The RFH was originally opened in 1951 as the centerpiece of the arts complex built on the south bank of the Thames River. It was intended to be London's principal classical concert venue, host to resident ensembles such as the Philharmonia Orchestra and the London Philharmonic as well as touring ensembles. But the acoustic proved disappointing: the sound for the audience was somewhat dry and drab, while orchestral musicians found it difficult to hear each other on stage. In addition, various additions and alterations over the decades rendered the hall, and much of the Southbank complex as a whole, dreary, gray and uninviting.
The renovation has changed all that. The architects in charge of the project, Allies and Morrison, have upgraded both the exterior and interior, with a glass fa‹ade overlooking the Thames (and a riverside plaza) filling the public spaces with light. Famed acousticians Kirkegaard Associates have overseen the upgrade of the 2,788-seat auditorium, and the results have already been praised by conductors Vladimir Ashkenazy and Simon Rattle, who have given the place "test drives" with orchestras. (Rattle once gave one of the most withering criticisms of the old hall's acoustics, saying that 30 seconds there made him lose the will to live.) Amenities have been improved (notably, there are now far more ladies' rooms than before); staff offices and production facilities have been moved to an adjacent building to free up more space for the public; many outdoor areas that were service roads or spaces under concrete overhangs have been opened up. We've assembled a set of photographs of the revamped complex below.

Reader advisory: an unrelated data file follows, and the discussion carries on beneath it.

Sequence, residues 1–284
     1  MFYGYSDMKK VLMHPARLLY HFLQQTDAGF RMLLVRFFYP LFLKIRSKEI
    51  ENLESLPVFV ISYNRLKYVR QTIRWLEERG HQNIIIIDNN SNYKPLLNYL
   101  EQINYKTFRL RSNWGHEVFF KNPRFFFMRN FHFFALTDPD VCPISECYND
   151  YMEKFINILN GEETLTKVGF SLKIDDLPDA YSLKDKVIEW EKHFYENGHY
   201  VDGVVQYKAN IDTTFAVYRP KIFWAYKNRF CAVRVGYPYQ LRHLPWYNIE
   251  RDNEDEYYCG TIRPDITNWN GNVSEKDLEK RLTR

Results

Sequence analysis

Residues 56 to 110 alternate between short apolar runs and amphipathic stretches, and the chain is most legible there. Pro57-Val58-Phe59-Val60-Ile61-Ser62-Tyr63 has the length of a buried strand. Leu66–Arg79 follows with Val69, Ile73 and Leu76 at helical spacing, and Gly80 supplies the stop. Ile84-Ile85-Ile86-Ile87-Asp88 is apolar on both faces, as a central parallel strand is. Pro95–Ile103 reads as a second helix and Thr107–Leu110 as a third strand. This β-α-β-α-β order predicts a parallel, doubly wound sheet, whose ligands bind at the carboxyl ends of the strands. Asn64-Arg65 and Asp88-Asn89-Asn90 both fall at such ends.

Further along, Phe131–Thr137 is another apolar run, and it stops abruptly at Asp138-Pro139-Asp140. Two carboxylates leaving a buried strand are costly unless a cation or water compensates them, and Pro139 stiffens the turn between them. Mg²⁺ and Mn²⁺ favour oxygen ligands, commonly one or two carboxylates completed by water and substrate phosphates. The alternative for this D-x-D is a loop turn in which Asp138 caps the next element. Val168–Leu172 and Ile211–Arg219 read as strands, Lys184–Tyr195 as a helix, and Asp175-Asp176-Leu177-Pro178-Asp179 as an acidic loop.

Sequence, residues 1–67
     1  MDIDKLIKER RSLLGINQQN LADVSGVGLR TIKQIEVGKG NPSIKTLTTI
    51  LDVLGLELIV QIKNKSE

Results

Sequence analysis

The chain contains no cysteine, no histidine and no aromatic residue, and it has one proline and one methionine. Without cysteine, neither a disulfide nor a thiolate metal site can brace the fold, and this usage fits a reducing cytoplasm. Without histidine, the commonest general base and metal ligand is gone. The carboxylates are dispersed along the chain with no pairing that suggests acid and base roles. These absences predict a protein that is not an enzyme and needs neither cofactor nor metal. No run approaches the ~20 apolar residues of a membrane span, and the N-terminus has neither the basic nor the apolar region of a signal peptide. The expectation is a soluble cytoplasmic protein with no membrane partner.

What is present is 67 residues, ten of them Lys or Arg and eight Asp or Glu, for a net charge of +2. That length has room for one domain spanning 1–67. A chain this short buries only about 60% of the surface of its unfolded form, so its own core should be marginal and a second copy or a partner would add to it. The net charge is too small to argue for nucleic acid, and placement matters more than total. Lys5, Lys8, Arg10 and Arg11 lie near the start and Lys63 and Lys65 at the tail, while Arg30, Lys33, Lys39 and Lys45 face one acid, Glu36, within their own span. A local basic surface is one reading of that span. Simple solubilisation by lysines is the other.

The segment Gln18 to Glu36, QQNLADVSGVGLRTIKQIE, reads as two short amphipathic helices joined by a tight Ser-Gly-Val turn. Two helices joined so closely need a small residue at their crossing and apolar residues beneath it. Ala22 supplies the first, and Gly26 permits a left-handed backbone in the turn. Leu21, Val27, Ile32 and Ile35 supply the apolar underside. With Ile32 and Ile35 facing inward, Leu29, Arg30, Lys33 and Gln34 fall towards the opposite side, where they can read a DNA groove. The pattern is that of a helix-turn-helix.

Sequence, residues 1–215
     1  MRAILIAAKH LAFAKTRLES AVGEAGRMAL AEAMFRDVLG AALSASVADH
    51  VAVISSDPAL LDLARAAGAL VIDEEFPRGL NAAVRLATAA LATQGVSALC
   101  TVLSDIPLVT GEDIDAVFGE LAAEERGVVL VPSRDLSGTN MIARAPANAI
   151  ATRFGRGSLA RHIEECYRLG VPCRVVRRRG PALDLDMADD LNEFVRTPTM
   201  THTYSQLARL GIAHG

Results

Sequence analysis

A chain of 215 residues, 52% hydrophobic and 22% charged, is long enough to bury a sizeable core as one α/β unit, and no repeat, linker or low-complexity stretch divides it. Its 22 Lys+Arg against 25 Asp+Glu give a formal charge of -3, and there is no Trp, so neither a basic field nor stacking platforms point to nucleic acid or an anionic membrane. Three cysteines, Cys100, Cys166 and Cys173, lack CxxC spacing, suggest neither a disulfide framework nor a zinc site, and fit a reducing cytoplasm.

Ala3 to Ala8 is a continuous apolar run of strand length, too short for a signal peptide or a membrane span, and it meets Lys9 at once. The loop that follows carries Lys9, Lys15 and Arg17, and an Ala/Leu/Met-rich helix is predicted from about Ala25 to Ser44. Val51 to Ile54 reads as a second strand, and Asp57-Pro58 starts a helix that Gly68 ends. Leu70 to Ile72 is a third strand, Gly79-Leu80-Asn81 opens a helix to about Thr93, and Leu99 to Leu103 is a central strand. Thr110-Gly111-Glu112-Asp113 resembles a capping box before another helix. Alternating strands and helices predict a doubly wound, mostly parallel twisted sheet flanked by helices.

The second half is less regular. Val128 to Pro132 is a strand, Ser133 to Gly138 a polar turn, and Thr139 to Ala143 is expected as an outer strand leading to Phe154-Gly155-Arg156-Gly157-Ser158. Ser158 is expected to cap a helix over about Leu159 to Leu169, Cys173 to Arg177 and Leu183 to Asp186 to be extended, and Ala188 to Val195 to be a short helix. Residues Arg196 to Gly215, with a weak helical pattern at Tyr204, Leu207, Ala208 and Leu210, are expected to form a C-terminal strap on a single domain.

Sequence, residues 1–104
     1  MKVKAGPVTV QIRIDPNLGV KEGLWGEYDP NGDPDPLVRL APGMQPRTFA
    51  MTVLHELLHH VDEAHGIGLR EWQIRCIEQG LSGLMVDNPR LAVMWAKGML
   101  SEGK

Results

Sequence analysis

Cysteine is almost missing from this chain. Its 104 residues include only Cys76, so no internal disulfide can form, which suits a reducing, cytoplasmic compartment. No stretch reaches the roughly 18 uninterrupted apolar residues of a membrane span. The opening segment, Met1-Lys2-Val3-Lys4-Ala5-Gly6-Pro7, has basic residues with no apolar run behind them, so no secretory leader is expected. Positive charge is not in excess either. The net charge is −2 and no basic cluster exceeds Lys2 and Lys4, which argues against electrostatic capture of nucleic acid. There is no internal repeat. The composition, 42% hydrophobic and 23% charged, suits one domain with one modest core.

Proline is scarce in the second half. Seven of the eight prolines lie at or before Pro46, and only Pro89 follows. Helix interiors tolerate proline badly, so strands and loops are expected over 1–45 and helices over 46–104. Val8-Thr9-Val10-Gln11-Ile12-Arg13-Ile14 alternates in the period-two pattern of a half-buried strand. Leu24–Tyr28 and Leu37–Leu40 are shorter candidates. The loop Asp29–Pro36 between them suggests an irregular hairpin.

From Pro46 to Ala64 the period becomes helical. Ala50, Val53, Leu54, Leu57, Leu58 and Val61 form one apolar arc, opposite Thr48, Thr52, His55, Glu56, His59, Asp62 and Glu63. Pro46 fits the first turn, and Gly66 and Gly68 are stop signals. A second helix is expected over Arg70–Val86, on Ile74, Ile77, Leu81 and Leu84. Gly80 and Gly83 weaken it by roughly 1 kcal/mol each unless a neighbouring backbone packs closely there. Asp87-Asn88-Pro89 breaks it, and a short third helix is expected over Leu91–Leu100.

Celebrations in honor of the new-and-improved RFH began this past weekend with The Overture, 48 nonstop hours of music, dance, spoken word, film and visual arts. Tonight is the Royal Festival Hall's official opening, with a First Night Gala featuring all four resident orchestras — London Philharmonic Orchestra, Philharmonia Orchestra, London Sinfonietta and the Orchestra of the Age of Enlightenment — 250-plus musicians, some of whom have never collaborated before.
For more information about the Royal Festival Hall and the Southbank Centre, visit www.southbankcentre.co.uk.
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All photos by Richard Bryant / arcaid.co.uk.